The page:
Trey Gowdy Explains Why the FBI Will Not Release the Memos By James Comey

Having apparently abandoned the Russia-collusion narrative (for good reason, this Federalist piece is a must-read), the folks who are counting on President Trump being impeached are now looking at “obstruction.” As I understand it, obstruction happens when a person entitled to fire an employee actually fires an employee and the project the employee was working on continues anyway. I say that because the firing of former FBI director James Comey is being held up as an example of obstruction and allegedly the memos he gave to his friend to leak to the New York Times are the evidence.


As Byron York points out, there is something very strange going on with the memos. In the case of the FISA warrant application on Carter Page, and the documentary evidence that supports it, the FBI has allowed members and staff of the relevant oversight committees to read the file and take notes. It was that accessibility that led the House Intelligence Committee to release its memo on the use of the Trump dossier in getting that FISA warrant. Both the application and the backup documents contained actual classified information.

Finally, in July 2017, the FBI allowed lawmakers to see the memos. But the bureau made sure the information in the memo was severely restricted.

For the Senate Judiciary Committee, which directly oversees the FBI, the bureau allowed only two committee staffers to see the memos. They had to go to the FBI, and an FBI minder was in the room at all times. They were not allowed to make copies or take notes. The FBI later took the memos to the Senate to allow Grassley to read them. But the same rules applied: FBI minder, no copies, no notes.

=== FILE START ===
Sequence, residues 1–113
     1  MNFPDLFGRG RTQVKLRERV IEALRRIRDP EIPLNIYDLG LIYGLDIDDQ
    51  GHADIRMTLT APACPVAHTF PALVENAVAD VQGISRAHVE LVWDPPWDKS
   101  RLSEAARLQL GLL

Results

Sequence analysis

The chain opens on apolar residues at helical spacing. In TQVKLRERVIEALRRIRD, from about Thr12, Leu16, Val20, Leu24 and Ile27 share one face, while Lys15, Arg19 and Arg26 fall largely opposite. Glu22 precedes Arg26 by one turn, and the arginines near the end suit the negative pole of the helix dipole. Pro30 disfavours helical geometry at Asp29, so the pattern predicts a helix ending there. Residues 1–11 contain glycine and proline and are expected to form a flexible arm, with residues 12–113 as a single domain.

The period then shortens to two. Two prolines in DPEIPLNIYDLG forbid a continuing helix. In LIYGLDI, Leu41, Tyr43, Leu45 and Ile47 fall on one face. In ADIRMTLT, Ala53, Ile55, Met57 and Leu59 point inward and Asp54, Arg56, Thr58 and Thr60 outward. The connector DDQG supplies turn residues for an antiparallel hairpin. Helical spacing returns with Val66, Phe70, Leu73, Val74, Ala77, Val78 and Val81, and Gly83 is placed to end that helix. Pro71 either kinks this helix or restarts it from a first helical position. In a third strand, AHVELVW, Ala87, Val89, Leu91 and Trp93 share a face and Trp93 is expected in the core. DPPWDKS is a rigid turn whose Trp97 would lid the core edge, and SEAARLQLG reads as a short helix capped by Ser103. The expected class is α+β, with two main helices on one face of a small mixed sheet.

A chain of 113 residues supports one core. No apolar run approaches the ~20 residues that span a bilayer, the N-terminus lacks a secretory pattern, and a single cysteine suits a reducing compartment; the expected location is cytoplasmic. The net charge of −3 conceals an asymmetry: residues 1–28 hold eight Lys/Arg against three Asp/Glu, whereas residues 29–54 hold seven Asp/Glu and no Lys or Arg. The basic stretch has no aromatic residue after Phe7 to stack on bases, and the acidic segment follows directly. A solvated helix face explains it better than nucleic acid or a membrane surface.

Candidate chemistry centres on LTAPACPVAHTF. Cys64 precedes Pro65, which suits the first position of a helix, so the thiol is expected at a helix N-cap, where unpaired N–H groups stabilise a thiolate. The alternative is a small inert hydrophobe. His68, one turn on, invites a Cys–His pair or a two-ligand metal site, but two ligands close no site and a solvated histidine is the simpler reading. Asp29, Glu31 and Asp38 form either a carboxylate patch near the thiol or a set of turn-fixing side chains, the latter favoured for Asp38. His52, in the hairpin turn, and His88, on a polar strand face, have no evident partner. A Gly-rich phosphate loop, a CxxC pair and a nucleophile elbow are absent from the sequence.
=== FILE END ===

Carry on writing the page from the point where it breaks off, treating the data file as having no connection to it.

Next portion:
The no-notes restriction was unusual, because committee staff had been allowed to take notes from the Trump-Russia Foreign Intelligence Surveillance Act, or FISA, applications, which were highly classified. Some of the Comey memos were not classified at all.

And, of course, both Republicans and Democrats on the Judiciary Committee had asked to be given the memos, not be given a chance to read them. That still hasn’t happened. “The chairman and ranking member asked for copies of the memos,” said a committee spokesperson Wednesday. “The FBI has yet to actually turn over those documents to the congressional committee tasked with overseeing the bureau and the Justice Department.”

On the House side, Republican Rep. Trey Gowdy, R-S.C., among a few others, was allowed to read the memos under the same conditions: FBI minder, no copies, no notes.

What struck Gowdy was the general absence of classified information in the memos or any other reason they should remain secret. Out of a total of seven memos, the FBI had marked four as classified at the “secret” or “confidential” levels — not the highest level — but even with those memos, it appeared to Gowdy that they could be released publicly with only minimal blacking-out.

“What would need to be redacted would be incredibly small and really would not interfere with the substance of the memos,” Gowdy told me in a phone conversation Wednesday. “I read them a long time ago, and I still don’t know why they’re not in the public domain. If they were really helpful for the Democrats, they would have been leaked a long time ago.”


That would be my assessment, too. Anything that is even vaguely useful to the cause of damaging Trump is leaked by Adam Schiff in just a few minutes. This is the reason we still don’t know what is in the Democrat “counter memo” on the use of the Trump dossier in Carter Page’s investigation.

Gowdy went further last month:

“I have read every one of Comey’s memos. They would be defense ‘Exhibit A’ in an obstruction of justice case. Not prosecution ‘Exhibit A’ – defense ‘Exhibit A’.”

It is difficult to conclude that the memos are being classified for the same reason the FBI sought to classify large portions of the criminal referral Grassley sent to Department of Justice, it made the FBI look bad and the material was declared to be classified in order to keep it from becoming public.


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